TED started as an annual, invite-only conference in 1984, but has since morphed into a global brand. Since 2006, TED.com has become a hub for thought-provoking ideas delivered by some of the world's brightest minds. With more than 2,500 talks recorded since its inception, the TED library continues to grow. Topics range from the future of the internet, to living stress-free, to even a love poem for lonely prime numbers.
With so many choices to sift through, we wanted to make it easier to navigate the world of TED. Below, we've plotted every TED Talk by year and views1 for your learning pleasure. Just filter by your favorite subject, preview the talks that suit your interests, and settle on one (or multiple) to watch.
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Some of the most famous TED Talks bubble up to the top -- How Schools Killed Creativity by Ken Robinson and Your Body Language May Shape Who You Are by Amy Cuddy are staples in the TED world, despite the latter stirring up a bit of recent controversy.
But don’t sleep on some of the lesser-known, yet equally compelling, content. Filter to jaw-dropping talks on design and you’ll discover Reach Into the Computer and Grab a Pixel by Jinha Lee or become entranced by Eric Berlow and Sean Gourley’s analysis in Mapping Ideas Worth Spreading.
Are there other TED Talks out there that deserve more exposure? Add your favorites to this thread on Twitter!
- Several videos -- like Ken Robinson's "Schools Kill Creativity" -- have over twenty times as many views as the average video. If we were to present raw views along the y-axis of our scatterplot, the presence of massive outliers would push the majority of videos to the very bottom of the plot. To avoid this, we computed a "normalized difference" of each video's views. This preserves the relative ordering of the videos along the y-axis, but makes all videos more discoverable. ↩︎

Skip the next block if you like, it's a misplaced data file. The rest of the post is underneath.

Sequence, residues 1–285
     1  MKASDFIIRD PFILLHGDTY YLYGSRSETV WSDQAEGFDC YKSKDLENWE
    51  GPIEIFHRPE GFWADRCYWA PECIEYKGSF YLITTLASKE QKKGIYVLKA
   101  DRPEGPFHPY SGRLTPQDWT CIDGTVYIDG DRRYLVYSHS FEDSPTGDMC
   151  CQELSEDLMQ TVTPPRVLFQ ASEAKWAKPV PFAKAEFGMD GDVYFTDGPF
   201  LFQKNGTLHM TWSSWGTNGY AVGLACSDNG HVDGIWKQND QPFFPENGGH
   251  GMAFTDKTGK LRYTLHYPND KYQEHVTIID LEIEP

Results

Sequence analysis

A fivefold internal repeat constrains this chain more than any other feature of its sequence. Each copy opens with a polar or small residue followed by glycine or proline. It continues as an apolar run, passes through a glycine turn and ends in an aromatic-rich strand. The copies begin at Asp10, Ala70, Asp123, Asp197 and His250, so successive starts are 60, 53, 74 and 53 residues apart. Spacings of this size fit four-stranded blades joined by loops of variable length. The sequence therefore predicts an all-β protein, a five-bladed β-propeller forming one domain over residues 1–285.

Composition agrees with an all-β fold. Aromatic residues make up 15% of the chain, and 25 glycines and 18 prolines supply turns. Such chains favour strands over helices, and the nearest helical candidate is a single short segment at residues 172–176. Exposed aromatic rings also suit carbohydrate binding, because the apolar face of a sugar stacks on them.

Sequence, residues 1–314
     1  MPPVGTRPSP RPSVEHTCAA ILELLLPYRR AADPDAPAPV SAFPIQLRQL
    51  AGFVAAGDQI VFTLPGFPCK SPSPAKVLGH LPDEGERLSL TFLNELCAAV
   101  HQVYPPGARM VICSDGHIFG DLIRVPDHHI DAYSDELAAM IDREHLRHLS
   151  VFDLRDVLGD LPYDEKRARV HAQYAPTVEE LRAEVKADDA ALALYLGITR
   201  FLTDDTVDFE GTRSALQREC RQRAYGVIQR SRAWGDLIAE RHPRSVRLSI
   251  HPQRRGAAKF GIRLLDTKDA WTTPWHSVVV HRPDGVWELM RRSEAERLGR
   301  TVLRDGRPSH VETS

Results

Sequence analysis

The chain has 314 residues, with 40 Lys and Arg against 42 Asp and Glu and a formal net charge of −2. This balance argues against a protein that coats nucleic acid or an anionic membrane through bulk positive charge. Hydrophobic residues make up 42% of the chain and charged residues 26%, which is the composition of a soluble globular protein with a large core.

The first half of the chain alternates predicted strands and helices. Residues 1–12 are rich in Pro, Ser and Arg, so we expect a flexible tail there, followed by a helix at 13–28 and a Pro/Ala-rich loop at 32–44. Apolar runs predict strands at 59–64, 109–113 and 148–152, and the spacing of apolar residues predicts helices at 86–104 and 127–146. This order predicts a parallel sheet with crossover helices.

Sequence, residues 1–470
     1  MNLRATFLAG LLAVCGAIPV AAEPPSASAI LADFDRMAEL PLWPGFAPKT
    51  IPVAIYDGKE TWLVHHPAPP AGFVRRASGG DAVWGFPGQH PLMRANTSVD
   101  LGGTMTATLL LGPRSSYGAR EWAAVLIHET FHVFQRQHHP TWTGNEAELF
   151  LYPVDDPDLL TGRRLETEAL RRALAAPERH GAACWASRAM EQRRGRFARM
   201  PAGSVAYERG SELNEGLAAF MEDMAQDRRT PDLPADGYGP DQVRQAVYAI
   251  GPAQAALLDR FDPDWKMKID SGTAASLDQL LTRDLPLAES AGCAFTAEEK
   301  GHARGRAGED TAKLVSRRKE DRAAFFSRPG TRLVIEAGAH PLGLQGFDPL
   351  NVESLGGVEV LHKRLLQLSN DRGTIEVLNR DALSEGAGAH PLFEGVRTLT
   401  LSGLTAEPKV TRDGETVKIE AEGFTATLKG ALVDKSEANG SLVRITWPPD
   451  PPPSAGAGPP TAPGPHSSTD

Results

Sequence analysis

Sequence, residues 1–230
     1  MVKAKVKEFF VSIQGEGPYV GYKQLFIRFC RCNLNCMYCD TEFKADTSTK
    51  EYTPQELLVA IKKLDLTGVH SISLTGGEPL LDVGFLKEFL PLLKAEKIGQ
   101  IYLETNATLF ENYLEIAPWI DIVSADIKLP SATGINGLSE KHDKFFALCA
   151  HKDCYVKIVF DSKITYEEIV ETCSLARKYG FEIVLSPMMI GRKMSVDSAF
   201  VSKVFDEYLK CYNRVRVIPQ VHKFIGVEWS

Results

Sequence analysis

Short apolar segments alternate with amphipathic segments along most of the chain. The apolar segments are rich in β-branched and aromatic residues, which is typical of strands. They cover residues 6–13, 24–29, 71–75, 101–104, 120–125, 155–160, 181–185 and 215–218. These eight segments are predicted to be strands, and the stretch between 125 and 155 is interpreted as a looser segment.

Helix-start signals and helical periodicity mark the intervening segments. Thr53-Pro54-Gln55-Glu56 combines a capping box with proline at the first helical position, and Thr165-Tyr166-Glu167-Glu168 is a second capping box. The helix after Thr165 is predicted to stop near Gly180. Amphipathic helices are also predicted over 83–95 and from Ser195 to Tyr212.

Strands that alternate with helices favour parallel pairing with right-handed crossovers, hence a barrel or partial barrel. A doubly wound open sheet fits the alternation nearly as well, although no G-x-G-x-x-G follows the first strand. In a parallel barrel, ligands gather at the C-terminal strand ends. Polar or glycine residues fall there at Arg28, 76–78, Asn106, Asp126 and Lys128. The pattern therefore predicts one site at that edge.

Each TED Talk is tagged with a number of phrases that encompass the video's themes. In total, there were 416 unique tags represented across the 2,500+ videos in the dataset. We've allowed readers to filter only from the twenty most common tags for simplicity.
Viewers of TED videos also have the option to "rate" each video by selecting three words to describe their reaction to it -- "funny", "inspiring", "jaw-dropping". Users have the ability to select as many words as they'd like from a list of fourteen. For our purposes, we've defined a particular word (i.e. "inspiring") as characteristic of a video if it constituted more than 20% of reactions.
Each video's normalized difference was computed according to the following formula:
norm = (views - mean(views)) / (views + mean(views)).